December 21, 2005
Ending 2005 in Upturn, Helped by Events, Enemies
President Bush has executed a positive turn-around in his political
fortunes through a combination of forceful advocacy, fortunate
events and help from his critics.
approval rating in polls compiled by RealClearPolitics.com
bottomed out at 37 percent just prior to Veterans Day. Now, it's
44.8 percent-not great, but heading (for him) in the right direction.
seems to be attributable to his vigorous defense of his Iraq policy,
plus a decline in gasoline prices and favorable economic news
and evidence that Democrats are mired in defeatism about the war.
been aided by fading memories about the factors that depressed
his ratings in the first place--the Katrina hurricane, the indictment
of White House aide Lewis Libby and $3 a gallon gasoline.
televised "fireside chat" on Iraq Sunday, following
a successful election in that country last week, should permit
him to finish out 2005 at or just below his 48 percent RCP average
at the end of 2004, controversy over "domestic spying"
on terrorist targets notwithstanding.
some explaining to do about why he decided to skirt the law prohibiting
warrantless National Security Agency monitoring of domestic phone
calls rather than asking Congress to change it.
should conduct a wider inquiry into Bush's whole attitude toward
executive power. Does Bush agree with former Deputy Attorney Gen.
John Yoo's 2001 memo holding that no statute passed by Congress
"can place any limits on the president's determinations as
to any terrorist threat, the amount of military force to be used
in response or the method, timing and nature of the response"?
In his press
conference Monday, Bush airly dismissed a question suggesting
that Bush believed he has "unchecked power" to fight
the war on terrorism. But there is a long record of such assertions,
limited only by the courts so far, to imprison and try enemy combatants
and even limit access to presidential records.
defensible to me to monitor the U.S. end of international calls
between terrorist suspects without a court order if time is crucial.
Bush is not tapping the phones of war protesters Cindy Sheehan
or Michael Moore, after all. But could he? The Yoo opinion suggests
he could do anything he likes in the name of fighting terrorism.
Congress should establish what limits, if any, the administration
But my guess
is that Bush will only gain popularity points as a result of the
wiretap disclosures and a Democrat-led filibuster of the Patriot
Act. To average Americans, he'll be seen as a "strong leader"
trying to defend them, rather than as a menace to civil liberties.
The filibusterers, in any event, have not made a case for their
definitely have helped Bush recover by calling the Iraq war unwinnable,
as party chairman Howard Dean did, and by recommending immediate
withdrawal of U.S. troops, as did Rep. John Murtha (Pa.) followed
by House leader Nancy Pelosi (Calif.).
to the Dec. 15 NBC/Wall Street Journal poll, voters oppose
immediate troop withdrawals by a margin of 68 percent to 27 percent.
to a Fox News poll released last week, voters disagree with Dean
by a margin of 51 percent to 38 percent and say, by 57 percent
to 12 per cent, that U.S. and Iraqi forces will prevail over insurgents.
released prior to Bush's Sunday "chat," showed that
only 25 percent of voters said they had a better understanding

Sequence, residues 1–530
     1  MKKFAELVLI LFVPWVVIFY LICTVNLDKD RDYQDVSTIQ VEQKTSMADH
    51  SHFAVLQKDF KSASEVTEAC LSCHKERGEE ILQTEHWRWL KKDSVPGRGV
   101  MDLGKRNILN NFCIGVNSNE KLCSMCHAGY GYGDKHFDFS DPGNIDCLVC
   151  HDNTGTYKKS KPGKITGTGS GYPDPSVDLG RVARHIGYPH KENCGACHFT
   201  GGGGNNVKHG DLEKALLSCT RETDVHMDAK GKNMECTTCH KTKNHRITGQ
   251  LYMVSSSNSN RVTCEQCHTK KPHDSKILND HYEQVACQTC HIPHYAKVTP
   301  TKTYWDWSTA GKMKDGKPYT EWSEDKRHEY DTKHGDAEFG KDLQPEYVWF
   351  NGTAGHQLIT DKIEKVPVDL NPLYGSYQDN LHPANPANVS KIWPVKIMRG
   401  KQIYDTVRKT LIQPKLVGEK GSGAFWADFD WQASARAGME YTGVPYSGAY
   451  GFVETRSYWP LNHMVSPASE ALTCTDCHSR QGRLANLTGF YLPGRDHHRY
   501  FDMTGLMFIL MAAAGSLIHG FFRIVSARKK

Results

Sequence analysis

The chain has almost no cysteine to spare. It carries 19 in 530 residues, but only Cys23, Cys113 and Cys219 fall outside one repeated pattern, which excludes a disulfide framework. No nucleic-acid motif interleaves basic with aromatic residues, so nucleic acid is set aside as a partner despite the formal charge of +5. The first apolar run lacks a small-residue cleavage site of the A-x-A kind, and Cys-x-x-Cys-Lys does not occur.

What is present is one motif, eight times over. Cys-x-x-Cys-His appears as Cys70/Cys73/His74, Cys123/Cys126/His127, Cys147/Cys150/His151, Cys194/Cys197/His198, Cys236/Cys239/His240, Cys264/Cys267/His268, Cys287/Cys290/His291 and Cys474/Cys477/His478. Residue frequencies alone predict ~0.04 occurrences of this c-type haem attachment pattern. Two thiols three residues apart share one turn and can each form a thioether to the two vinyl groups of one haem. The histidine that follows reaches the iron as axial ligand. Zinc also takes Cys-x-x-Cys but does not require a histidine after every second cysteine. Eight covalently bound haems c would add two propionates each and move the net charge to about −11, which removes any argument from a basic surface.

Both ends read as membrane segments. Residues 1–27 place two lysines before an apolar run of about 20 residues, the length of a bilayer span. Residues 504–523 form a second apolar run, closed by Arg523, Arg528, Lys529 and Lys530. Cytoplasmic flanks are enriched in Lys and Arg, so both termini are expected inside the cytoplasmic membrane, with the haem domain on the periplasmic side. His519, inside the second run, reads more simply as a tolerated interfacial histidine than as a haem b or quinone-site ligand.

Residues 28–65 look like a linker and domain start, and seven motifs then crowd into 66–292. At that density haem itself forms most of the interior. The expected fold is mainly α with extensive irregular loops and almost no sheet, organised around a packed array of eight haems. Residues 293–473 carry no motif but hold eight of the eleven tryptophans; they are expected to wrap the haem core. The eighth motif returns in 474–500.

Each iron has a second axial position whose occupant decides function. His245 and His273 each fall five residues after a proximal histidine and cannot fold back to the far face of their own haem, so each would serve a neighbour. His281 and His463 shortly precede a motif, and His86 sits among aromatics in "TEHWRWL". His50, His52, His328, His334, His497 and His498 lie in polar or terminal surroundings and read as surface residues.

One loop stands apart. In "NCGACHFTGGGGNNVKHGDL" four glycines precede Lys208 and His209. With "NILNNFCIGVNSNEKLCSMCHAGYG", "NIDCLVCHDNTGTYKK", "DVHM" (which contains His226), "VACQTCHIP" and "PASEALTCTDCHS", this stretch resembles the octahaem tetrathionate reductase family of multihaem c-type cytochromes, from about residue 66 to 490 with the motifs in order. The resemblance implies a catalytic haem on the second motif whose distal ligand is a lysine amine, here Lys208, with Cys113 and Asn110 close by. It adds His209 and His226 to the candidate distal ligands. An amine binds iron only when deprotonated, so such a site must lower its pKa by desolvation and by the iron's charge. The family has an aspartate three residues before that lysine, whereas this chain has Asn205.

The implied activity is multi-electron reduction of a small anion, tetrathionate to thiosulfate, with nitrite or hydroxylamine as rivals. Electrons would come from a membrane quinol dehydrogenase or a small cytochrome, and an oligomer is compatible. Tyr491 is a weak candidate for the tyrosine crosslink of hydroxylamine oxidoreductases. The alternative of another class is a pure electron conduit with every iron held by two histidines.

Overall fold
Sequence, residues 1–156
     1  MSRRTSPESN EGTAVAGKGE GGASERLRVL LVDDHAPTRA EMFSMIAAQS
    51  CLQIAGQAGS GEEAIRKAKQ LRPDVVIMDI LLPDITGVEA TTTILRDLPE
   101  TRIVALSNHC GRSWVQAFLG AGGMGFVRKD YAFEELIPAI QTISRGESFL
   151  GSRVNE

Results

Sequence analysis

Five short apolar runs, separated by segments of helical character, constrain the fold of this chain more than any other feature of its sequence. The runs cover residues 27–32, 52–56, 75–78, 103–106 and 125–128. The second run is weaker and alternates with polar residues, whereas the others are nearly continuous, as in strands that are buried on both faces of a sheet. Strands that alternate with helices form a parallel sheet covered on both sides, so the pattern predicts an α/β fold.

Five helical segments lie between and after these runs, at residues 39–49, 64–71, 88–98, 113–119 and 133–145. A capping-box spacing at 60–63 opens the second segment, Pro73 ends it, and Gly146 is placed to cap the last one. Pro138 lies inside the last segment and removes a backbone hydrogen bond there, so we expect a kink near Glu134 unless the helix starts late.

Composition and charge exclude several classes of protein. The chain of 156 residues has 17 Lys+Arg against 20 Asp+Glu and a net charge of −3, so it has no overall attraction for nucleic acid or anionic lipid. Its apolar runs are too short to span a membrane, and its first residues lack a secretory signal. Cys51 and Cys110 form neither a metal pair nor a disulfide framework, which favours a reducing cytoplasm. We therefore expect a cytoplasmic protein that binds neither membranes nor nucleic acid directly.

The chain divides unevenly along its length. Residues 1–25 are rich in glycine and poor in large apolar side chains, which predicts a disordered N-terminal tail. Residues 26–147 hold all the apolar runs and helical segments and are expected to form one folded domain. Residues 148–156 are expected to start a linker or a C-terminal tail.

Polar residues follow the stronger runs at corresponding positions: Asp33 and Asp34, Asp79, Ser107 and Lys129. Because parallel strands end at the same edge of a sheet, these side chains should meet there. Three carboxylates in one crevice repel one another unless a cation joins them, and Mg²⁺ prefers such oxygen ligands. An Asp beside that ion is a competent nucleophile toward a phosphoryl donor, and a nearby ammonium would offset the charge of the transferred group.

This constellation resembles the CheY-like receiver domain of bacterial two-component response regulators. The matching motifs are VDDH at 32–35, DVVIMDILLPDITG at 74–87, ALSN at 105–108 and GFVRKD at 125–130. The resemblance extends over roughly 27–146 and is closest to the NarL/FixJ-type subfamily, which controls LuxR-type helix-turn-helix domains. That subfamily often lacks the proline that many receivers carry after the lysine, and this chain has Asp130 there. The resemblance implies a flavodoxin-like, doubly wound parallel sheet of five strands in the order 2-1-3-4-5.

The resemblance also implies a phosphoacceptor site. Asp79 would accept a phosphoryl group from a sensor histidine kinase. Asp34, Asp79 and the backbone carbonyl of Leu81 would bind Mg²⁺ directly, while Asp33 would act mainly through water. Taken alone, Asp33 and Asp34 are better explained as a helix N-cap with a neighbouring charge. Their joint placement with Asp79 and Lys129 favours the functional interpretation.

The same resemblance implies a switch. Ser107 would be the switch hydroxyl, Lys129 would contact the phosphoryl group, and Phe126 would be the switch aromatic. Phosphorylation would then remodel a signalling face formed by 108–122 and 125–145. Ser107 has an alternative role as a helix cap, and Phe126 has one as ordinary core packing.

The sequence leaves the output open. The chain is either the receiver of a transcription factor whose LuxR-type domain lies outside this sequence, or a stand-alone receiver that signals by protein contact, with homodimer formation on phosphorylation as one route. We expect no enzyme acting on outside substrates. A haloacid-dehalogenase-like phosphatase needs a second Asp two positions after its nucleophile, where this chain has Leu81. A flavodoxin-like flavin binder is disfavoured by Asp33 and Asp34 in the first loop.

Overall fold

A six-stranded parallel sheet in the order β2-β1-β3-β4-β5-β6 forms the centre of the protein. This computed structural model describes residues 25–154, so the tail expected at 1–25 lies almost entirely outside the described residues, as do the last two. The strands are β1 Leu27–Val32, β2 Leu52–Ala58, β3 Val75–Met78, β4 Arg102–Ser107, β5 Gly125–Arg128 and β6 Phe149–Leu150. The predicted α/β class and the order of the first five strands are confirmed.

of Bush's war policy after his first four speeches on the subject.
Fifty-seven percent said they did not.
On the other
hand, by 37 percent to 35 percent, they said they trusted Republicans
on the war over Democrats, a reversal of recent trends.
address was a concise and effective statement of his war aims,
combining rare expressions of humility with a stark description
of the stakes involved in the struggle, assurances that "we
are winning" and jabs at "defeatism."
In his four
earlier Iraq speeches beginning on Veterans Day, Bush acknowledged
that his administration had adjusted tactics in Iraq. But on Sunday
he went further, admiting that the aftermath of major combat operations
has been "more difficult than we expected."
was in the polling doldrums this summer, outsiders advised him
to shake up his administration and make a speech to the country
admitting errors. He didn't follow the first bit, but did the
second, in his own fashion.
he also argued his own case forcefully, all but silencing Democrats
who accused him of "lying" about pre-war intelligence
on weapons of mass destruction and rebutting charges that he has
"no strategy" for the war.
he spelled out a concise goal: "a democratic Iraq that can
defend itself, that will never again be a safe haven for terrorists
and that will serve as model of freedom for the Middle East."
has previously concentrated on the idealistic purpose of Middle
East democracy, he starkly spelled out the consequences of "pulling
out of Iraq before our work is done."
would abandon our Iraqi friends-and signal to the world that America
cannot be trusted to keep its word. We would undermine the morale
of our troops... Cause tyrants in the Middle East to laugh at
our failed resolve... Hand Iraq over to enemies who have pledged
to attack us..." and make an emboldened world terrorist movement
more dangerous than ever.
retreat before victory," he said, "would be an act of
recklessness and dishonor-and I will not allow it."
A true surge
in Bush's popularity won't occur until he begins withdrawing troops
from Iraq in substantial numbers. A top U.S. official there told
me that was possible in 2006, but Bush reiterated that he won't
be bound by artificial timetables."Our forces in Iraq are
on the road to victory-and that is the road that will take them
home," he said.
bet his presidency-and his place in history-on a favorable outcome
in Iraq. Whether he ultimately succeeds or fails, it's clear he's
ending the first year of his second term determined to see the
Kondracke is the Executive Editor of Roll Call.